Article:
Published on: 10/10/16
Mercury News reported on the possibility of medical marijuana being used at Marin General Hospital.
If patients are using medical marijuana on recommendation of their physicians, would it be a feasible option to allow them to use it in hospitals? This will be investigated on request of the publicly elected Marin Healthcare District board.
The board voted in favor of the move 2-0 with three members not voting. CEO of Marin General Lee Domanico, said the hospital would have to discuss the resolution with members of the medical staff, experts in the field and legal counsel to be able to respond to the request.
Dr. Larry Bedard, a longtime board member, and retired emergency medicine physician from Marin General, brought the issue to the board in the form of a resolution.
People should come out of the cannabis closet
Bedard said it is time for people to come out of the cannabis closet. The resolution states that many Marin residents use medical cannabis on an outpatient basis for a number of conditions such as AIDS, cancer, seizures, diabetic neuropathy, PTSD, migraines and many other ailments.
He refers to an article published in 2015 by the American Medical Association on Cannabinoids for Medical Use that found medicinal marijuana is of significant benefit to patients with chronic pain, muscle spasm, cancer chemotherapy nausea, MS, and AIDS.
Bedard opted for a more conservative resolution after the DEA decided last month to keep marijuana a schedule 1 drug, as he originally intended to propose Marin General should allow open use of medical cannabis.
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Marijuana is much less harmful than alcohol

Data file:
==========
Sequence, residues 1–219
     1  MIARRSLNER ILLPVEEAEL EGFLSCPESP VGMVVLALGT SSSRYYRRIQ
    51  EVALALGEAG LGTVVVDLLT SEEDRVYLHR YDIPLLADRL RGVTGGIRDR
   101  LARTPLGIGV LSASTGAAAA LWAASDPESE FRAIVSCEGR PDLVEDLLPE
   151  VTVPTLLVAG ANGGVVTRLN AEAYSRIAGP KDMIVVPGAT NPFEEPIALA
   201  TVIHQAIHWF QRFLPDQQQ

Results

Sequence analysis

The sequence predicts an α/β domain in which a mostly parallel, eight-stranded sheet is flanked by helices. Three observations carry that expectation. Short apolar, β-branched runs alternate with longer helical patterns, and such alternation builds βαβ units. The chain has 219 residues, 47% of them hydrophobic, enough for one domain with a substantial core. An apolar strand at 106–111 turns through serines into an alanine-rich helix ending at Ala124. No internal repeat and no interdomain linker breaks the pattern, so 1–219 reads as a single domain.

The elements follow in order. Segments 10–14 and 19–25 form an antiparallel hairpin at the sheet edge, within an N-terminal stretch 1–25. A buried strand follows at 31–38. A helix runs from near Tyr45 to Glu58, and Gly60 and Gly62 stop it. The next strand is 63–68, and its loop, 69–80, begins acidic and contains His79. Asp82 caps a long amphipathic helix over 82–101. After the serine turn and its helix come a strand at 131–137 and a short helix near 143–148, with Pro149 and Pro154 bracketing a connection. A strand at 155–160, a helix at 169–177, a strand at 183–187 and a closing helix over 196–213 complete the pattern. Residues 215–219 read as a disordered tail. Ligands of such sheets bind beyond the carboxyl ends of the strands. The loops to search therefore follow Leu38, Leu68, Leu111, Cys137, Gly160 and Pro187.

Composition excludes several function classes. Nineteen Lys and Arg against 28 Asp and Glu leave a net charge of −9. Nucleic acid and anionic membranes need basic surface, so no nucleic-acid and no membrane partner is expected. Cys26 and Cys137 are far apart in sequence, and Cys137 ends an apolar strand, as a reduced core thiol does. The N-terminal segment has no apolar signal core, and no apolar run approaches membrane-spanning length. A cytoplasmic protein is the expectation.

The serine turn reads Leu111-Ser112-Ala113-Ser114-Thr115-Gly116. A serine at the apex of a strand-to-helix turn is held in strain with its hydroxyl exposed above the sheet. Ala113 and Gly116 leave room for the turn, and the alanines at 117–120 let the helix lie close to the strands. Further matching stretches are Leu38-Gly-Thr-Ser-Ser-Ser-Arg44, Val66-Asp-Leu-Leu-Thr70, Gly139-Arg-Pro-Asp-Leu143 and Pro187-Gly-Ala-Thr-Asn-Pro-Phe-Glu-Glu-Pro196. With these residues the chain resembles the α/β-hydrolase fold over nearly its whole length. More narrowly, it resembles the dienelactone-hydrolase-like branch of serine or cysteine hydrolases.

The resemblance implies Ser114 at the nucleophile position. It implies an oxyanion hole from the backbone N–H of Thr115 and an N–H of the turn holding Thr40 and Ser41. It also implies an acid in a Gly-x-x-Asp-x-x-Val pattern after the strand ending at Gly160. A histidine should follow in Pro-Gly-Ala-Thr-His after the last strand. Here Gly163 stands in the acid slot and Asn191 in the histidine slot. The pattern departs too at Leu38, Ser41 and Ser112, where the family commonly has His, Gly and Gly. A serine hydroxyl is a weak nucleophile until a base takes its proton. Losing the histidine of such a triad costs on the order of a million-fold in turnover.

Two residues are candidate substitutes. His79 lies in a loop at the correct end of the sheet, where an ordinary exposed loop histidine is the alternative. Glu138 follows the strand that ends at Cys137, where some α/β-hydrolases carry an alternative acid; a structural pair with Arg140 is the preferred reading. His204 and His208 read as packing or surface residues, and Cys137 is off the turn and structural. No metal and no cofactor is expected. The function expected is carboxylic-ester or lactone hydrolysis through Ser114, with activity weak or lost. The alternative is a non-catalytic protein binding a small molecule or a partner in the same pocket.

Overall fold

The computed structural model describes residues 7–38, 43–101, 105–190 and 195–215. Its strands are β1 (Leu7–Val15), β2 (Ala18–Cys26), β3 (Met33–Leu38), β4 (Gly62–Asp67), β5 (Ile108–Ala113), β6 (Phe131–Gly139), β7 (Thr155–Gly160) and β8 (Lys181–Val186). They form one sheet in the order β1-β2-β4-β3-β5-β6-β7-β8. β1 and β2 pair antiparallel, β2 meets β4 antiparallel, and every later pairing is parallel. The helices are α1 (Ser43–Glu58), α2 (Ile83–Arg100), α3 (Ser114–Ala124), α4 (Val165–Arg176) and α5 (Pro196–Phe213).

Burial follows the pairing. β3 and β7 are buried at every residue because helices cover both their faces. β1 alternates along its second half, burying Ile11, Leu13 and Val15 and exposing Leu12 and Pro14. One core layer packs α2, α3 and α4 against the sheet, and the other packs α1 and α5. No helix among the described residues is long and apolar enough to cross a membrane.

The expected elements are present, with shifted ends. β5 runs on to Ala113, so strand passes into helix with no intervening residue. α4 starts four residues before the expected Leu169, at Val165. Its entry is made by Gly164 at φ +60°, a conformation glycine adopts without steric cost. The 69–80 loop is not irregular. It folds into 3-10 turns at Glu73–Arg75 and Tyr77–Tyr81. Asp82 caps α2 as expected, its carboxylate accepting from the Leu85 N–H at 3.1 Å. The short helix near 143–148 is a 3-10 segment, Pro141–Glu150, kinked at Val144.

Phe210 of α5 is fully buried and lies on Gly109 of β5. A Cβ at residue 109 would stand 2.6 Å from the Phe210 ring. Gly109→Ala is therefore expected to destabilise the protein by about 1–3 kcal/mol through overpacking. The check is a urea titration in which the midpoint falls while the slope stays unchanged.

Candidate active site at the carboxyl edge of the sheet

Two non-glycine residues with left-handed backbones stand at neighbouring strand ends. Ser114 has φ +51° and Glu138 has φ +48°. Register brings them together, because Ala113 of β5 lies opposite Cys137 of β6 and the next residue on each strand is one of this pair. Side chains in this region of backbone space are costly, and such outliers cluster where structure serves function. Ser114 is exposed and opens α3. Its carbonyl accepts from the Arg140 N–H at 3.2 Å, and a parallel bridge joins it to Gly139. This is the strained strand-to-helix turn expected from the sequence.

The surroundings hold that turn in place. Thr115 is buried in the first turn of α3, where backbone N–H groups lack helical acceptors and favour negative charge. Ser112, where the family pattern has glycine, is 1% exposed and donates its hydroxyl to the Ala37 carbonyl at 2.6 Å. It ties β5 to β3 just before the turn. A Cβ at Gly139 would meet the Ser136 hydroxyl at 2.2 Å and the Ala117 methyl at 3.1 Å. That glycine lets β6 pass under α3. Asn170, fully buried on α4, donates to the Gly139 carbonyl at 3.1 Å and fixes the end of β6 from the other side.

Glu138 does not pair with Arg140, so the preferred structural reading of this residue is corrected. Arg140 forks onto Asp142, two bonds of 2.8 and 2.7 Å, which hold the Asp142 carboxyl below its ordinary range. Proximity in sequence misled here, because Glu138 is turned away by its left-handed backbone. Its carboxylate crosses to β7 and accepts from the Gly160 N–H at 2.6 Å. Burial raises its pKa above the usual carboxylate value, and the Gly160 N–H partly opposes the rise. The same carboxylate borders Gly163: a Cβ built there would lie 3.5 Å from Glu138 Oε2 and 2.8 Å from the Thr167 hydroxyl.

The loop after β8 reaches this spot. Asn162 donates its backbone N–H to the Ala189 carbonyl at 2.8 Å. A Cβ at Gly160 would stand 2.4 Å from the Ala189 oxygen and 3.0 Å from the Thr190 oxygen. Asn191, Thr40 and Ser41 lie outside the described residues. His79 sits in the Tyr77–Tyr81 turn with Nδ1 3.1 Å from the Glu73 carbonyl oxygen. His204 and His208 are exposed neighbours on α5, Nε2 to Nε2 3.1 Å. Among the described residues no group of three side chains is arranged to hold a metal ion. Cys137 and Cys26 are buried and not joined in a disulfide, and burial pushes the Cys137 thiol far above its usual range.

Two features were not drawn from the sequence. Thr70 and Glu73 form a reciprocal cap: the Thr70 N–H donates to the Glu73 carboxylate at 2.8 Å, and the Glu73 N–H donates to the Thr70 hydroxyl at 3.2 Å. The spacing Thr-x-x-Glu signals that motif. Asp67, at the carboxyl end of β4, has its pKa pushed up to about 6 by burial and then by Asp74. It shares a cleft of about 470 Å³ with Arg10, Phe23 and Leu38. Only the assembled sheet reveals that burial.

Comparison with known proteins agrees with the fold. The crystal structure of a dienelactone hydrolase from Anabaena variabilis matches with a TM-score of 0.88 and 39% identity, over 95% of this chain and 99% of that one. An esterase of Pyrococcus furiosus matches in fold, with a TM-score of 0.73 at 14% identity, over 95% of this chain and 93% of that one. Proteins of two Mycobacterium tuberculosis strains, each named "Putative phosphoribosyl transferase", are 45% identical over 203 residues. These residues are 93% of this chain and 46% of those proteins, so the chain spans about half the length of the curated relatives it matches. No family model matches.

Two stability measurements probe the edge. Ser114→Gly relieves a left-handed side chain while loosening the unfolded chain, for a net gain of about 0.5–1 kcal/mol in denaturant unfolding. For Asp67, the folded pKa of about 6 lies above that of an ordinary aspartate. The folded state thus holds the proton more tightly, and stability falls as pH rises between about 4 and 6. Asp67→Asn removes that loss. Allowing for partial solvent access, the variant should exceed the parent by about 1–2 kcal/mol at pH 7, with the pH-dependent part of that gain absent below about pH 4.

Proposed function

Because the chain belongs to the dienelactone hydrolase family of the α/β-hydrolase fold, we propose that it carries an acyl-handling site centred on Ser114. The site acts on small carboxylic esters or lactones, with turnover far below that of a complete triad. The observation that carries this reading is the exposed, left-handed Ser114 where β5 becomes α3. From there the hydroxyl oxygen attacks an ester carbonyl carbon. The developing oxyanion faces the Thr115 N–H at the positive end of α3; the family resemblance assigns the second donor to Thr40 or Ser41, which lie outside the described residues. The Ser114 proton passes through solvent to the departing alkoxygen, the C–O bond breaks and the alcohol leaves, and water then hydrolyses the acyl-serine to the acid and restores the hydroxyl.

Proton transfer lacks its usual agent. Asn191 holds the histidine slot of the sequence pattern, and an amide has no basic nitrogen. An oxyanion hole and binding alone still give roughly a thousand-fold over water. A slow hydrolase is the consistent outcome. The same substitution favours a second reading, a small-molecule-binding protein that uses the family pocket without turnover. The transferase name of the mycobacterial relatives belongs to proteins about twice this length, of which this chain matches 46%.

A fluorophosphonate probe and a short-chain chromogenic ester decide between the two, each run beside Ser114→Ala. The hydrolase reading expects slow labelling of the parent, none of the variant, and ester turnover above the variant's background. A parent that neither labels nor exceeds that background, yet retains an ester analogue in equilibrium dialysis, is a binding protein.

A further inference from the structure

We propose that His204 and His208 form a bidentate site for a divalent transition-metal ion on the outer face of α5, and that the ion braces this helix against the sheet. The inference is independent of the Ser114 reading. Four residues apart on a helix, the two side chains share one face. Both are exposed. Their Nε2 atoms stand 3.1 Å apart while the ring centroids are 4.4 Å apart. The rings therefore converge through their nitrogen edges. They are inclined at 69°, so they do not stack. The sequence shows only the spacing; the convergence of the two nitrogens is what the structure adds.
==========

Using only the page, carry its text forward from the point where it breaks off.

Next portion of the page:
He argues that as a physician in the emergency room he knows marijuana is much less harmful than alcohol. The resolution was passed even though several members abstained.
One member who abstained from voting said the timing of the resolution is very bad. It would have been better after the elections when federal policy direction would have been clearer. He is referring to Proposition 64 going to the ballot for Californian voters to decide on legalizing recreational use of cannabis in the state. He said if voters passed the proposition, there could be a change in the emotional disposition towards cannabis. It is a hot topic at the moment, and many doctors sent him emails to oppose the use of medical cannabis at Marin General.
Behind the scenes the major concern is that Marin General could be denied reimbursement by the federal government, and the state could withhold funding.
Bedard holds the belief that the hospital would be safeguarded from such retaliation by a federal budget amendment which bars the government from using federal funding to penalize patients, hospitals and doctors complying with state laws.
Another district board member, Ann Sparkman, raised yet another regulatory issue, saying that the budget amendment wouldn’t prevent the Joint Commission on Accreditation of Healthcare Organizations (JCAHO) from withdrawing the hospital’s accreditation.
Hospital accreditation in the balance
JCAHO is not a government organization, but their accreditation gives the public reassurance that government hospitals meet quality standards. Bedard said there would have to be discussions held with JCAHO.
Jennifer Rienks a district board member who voted in favor of the resolution said it is the first step towards looking at whether medical cannabis use in hospitals would be feasible, and determining how staff feels about the use of medical marijuana in the hospital.
Hope for an informed, educated policy
There is no deadline for the administration to report back, and Bedard envisages a few educational forums to offer nurses, pharmacists and physicians continuing educational credits. These forums would also give medical staff the opportunity to interact with patients using cannabis for ailments. He says he is asking the hospital and the staff to put an informed and educated policy in place.
Cannabis hospital patients
Whether cannabis hospital patients will be allowed to use this medicine while in the care of Marin General remains to be seen, and perhaps the outcome of the ballot in November will be the determining factor. We will have to wait and see.
Disclaimer: Views expressed here do not necessarily reflect those of Endoca and its staff. This article is not intended to provide medical advice, diagnosis, treatment or cure. Endoca CBD products have not been approved by the US Food and Drug Administration (FDA).